Venezuela’s “increasingly fragile” balance sheet and a Hugo Chávez reelection could push the country into default in 2013, Wall Street analysts predicted.
Chávez has nationalized sectors of the economy and created a convoluted system of price and currency controls which contribute to an “unsustainable” mix, according to Morgan Stanley analyst Daniel Volberg, whose note last week warned that the country could default in 2013. If oil prices tank while inflation and Chávez’s lack of fiscal discipline continue, the country does not seem likely to pay back its $110.6 billion debt.
Venezuela has been on analysts’ radar for years seemingly vying for the dubious honor of most likely to default on its payments. If fiscal practices continue the way they are, coffers don’t seem full enough to repay the $4.3 billion that is due between August and November 2013 and the Latin American country may have to default.
Oil is Venezuela’s main source of revenue. During Chávez’s rule the country experienced the biggest oil boom in its history, earning from $600 billion to $800 billion. Analysts honed in on the country’s financial woes shortly after that surge when private industry production fell dramatically leading Venezuela to increase its import spending while Chávez’s administration spent more to expand state rule, according to El Universal.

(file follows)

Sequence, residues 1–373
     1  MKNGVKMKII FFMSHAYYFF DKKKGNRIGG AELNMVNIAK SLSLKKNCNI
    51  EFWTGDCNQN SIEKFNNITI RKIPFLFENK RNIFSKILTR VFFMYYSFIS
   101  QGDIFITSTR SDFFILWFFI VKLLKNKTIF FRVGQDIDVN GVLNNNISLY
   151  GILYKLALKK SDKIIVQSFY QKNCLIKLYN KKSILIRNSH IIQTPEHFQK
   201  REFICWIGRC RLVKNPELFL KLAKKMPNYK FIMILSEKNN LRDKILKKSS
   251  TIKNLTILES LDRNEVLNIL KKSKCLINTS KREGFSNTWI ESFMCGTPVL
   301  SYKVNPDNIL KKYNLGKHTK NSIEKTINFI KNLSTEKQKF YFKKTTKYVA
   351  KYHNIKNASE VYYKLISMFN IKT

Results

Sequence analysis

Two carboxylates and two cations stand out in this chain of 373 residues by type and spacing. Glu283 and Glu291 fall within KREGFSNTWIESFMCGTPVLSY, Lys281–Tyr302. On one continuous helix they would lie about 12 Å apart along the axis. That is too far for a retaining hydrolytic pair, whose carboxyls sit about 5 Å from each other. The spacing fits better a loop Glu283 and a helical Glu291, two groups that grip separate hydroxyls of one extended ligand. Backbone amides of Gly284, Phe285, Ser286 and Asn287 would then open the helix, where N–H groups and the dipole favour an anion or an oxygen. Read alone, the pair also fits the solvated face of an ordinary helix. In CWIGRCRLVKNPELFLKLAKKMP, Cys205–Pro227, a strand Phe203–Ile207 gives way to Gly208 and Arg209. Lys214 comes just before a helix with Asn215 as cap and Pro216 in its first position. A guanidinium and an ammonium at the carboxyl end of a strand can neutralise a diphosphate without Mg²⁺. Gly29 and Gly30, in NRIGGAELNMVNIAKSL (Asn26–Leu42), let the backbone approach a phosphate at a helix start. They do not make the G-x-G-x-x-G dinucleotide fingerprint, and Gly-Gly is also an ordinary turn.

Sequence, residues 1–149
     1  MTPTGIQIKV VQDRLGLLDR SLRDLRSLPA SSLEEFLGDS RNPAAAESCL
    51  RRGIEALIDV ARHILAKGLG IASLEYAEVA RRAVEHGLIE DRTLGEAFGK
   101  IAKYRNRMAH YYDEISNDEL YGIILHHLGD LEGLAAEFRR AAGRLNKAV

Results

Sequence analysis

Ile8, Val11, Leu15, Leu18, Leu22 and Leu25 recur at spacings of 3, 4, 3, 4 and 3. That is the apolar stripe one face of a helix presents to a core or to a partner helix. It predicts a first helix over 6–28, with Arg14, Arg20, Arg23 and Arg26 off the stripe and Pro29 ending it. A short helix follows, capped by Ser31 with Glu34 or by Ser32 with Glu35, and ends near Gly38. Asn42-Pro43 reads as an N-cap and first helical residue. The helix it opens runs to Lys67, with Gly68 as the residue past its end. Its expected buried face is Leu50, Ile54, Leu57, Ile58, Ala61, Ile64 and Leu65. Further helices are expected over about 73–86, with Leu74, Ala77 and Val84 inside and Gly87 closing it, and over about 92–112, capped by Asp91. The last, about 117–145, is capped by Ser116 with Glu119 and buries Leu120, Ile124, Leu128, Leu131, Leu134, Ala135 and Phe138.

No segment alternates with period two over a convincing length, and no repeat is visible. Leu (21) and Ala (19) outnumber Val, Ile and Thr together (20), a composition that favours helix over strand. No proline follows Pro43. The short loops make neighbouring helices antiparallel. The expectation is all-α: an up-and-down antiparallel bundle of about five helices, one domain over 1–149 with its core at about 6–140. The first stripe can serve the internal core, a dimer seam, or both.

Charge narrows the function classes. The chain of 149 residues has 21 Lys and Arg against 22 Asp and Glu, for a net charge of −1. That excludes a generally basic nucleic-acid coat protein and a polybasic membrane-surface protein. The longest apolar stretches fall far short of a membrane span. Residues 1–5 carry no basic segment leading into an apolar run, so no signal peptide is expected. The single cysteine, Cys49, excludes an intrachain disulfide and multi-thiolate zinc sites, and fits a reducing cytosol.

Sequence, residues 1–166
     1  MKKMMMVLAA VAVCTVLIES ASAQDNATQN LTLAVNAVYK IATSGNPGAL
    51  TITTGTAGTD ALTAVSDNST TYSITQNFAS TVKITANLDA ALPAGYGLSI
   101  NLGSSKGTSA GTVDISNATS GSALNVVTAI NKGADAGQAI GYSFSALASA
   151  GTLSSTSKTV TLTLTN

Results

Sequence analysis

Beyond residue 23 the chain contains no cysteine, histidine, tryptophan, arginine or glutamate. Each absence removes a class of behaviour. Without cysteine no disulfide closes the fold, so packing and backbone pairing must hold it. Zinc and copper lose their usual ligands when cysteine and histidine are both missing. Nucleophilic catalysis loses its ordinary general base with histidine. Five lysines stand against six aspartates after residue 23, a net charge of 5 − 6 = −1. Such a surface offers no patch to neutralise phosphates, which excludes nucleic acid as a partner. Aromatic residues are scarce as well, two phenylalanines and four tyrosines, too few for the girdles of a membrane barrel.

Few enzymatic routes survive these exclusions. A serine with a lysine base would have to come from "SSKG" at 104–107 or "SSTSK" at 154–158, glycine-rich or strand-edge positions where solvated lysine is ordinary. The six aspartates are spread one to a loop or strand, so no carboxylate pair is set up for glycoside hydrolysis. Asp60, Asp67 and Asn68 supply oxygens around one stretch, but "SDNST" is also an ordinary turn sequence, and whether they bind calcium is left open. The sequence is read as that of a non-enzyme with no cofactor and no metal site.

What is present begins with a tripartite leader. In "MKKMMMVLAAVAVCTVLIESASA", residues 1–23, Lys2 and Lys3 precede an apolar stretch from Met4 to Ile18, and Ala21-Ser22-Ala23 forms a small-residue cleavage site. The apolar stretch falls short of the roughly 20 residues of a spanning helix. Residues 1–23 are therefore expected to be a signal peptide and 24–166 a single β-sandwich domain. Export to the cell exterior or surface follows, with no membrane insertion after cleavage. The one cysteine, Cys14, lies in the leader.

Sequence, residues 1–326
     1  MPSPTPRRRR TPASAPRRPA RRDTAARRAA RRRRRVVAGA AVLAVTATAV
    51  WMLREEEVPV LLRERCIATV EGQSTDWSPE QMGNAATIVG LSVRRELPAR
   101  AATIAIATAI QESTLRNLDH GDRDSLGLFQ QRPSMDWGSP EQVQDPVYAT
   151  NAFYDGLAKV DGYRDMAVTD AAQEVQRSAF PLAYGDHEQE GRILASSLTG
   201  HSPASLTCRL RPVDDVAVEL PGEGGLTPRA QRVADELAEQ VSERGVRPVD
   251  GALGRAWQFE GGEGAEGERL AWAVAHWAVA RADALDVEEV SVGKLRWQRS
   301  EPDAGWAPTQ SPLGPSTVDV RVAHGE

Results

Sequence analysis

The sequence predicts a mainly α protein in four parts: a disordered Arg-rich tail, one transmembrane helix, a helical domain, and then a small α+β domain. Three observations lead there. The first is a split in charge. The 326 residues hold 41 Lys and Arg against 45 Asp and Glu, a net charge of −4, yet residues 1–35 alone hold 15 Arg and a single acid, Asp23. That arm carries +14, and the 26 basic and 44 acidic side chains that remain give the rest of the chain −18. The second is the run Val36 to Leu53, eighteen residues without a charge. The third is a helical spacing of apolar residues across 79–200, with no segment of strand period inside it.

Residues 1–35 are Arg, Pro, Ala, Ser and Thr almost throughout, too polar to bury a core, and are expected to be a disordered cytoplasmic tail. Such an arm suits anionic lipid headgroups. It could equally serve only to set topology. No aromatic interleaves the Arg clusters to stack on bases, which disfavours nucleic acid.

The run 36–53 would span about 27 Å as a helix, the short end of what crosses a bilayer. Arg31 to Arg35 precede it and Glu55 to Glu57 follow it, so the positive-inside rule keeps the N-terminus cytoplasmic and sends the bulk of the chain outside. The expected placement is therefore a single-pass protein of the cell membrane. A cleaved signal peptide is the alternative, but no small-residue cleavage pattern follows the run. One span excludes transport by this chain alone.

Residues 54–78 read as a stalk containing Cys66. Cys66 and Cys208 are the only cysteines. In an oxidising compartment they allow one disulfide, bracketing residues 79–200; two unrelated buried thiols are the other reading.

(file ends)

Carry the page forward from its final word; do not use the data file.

The state-owned petroleum company PDVSA is the fifth largest oil exporter in the world and contributes billions of dollars to fund social Venezuelan projects. Officials reported that they expect to increase oil production by investing as much as $130 billion through 2019. They hope to increase to 6 million barrels a day and right now have the world’s largest oil reserves.
However, a recently leaked memo indicated that oil production is less that official estimates have indicated, according to a report by Reuters.
The country’s precarious financial state is driving the political rhetoric in advance of the October election. Chávez leaked a document that he said came from his opponent Henrique Capriles and used it to sound alarms that a “civil war” could happen if he is not re-elected. But Capriles’ campaign calls that memo a fake and his top aide has told reporters that Venezuela’s borrowing costs would fall by up to 3 percentage points and ease the burden on finances.
Despite longtime expectations that Venezuela would default, Chávez never has. But if the country can’t pay back its debt a remedy might be difficult. “Venezuela’s debt is no longer with large bank lenders as much as publicly traded bonds held by a dispersed group of creditors, which could make restructuring more challenging,” according to Volberg.